Artist Statement, Kirsten Nash

“The word plasticity thus unfolds its meaning between sculptural molding and deflagration, which is to say explosion. From this perspective, to talk about the plasticity of the brain means to see in not only the creation of form but also an agency of disobedience to every constituted form, a refusal to submit to a model”

-Catherine Malabou, “What Should We Do with Our Brain”

Given the cultural, economic, and political realities of our time, specifically the failure of a Globalized Capitalist structure to address our most pressing existential issues, I find it difficult to reconcile my art practice as a painter and image-maker to these realities. How do you create an image that can stand against the overwhelming flow of images and market fetishization that permeates our culture? How can an image embody the nuance and emotion associated with the complexities that surround things like flowers, which might arrive as a very sincere gesture of kindness and beauty, yet also produce a nagging discomfort against the backdrop of an increasingly visible precarity and concerns about labor conditions and ecological impacts.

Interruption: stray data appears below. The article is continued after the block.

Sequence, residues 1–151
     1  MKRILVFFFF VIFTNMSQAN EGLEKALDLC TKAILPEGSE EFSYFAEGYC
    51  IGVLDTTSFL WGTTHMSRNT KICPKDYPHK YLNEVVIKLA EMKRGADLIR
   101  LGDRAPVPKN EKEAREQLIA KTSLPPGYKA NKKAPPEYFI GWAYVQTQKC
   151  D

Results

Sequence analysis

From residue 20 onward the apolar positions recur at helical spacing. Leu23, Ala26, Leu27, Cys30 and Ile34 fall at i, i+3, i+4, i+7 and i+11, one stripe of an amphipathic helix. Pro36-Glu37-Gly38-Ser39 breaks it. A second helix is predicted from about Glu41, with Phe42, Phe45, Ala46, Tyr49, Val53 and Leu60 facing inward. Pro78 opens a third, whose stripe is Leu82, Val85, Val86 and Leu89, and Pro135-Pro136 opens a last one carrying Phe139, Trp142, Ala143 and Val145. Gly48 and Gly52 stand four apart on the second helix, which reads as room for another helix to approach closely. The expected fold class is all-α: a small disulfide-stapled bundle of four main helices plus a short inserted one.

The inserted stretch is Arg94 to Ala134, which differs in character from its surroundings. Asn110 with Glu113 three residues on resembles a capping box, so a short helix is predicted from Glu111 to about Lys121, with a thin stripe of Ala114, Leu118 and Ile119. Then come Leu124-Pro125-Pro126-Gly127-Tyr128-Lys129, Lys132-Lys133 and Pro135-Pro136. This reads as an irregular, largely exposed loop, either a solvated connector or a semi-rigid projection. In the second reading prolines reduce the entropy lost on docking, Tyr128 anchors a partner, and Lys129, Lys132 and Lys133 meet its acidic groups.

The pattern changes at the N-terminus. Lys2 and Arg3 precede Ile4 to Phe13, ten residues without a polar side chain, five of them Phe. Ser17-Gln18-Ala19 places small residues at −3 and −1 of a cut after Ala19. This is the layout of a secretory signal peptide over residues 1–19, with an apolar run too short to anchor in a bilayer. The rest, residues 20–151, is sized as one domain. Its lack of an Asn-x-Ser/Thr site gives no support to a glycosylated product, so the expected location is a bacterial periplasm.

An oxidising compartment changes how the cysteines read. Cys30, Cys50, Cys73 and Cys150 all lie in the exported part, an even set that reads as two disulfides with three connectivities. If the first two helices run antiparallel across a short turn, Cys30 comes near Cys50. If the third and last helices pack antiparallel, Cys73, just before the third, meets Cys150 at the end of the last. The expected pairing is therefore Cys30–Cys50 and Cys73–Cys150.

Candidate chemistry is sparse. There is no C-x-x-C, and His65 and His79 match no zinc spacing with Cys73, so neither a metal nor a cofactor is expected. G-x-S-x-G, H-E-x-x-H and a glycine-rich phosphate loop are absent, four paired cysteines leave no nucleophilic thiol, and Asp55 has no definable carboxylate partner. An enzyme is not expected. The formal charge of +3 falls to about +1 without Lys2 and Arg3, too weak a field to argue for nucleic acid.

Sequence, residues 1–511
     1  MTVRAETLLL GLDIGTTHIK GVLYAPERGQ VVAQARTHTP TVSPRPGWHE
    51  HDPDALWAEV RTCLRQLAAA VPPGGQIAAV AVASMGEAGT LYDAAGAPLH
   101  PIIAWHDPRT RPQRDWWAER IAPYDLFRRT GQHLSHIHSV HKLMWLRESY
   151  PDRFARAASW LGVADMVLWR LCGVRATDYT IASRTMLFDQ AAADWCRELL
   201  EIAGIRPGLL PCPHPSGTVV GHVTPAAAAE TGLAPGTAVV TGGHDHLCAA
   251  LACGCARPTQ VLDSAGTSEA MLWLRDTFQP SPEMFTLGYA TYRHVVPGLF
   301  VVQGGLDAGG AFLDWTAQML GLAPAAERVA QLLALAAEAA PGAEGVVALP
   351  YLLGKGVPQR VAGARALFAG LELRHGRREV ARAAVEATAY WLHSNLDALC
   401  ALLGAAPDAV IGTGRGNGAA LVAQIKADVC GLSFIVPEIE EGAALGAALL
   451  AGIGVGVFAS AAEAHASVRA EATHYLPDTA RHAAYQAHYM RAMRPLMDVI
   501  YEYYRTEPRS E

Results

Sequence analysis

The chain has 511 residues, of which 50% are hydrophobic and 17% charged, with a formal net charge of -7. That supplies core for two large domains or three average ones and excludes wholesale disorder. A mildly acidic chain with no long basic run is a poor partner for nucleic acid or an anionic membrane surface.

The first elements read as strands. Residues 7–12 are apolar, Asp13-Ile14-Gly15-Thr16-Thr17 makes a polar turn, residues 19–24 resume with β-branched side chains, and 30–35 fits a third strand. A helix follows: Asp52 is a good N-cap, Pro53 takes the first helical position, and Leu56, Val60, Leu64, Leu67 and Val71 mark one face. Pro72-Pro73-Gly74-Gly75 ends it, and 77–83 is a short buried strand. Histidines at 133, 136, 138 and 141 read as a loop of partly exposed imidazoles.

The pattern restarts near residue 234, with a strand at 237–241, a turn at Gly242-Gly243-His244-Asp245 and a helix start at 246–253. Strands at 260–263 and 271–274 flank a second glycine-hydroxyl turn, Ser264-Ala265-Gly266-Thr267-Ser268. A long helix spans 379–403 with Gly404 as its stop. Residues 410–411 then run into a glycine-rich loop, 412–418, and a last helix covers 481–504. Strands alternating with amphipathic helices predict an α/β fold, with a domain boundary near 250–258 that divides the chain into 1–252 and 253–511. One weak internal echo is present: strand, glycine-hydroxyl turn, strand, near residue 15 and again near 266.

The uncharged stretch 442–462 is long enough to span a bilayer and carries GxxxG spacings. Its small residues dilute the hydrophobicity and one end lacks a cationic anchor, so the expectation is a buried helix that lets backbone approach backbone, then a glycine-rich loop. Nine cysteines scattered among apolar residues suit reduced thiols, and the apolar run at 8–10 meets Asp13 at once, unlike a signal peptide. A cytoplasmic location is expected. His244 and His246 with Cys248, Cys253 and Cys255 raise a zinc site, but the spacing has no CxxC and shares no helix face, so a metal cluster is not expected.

I want to believe that ideas originate in art and creativity and that, it follows, to embrace creative joy and expression is an act of defiance and an act of liberty that has the potential to serve as a model for resistance and change.

Appropriating the reductive grid of American Minimal and Conceptual 
painting, while referencing objects, places, and patterns from everyday, I open myself up to possibilities that arise through destruction of these forms. Fracturing, reflecting, negating, and refining, I am aiming for a raw simplicity and directness that is in the moment and informed through memory. In the most successful pieces, a tension is created though the attempt to insert personal and quotidian references that mark lived experience. The viewer is made aware of the delicate balance of his or her reading of the oscillation between the formal properties of the work and personal reverie.

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  1. Pingback: Issue Eleven, 2015 | Matter

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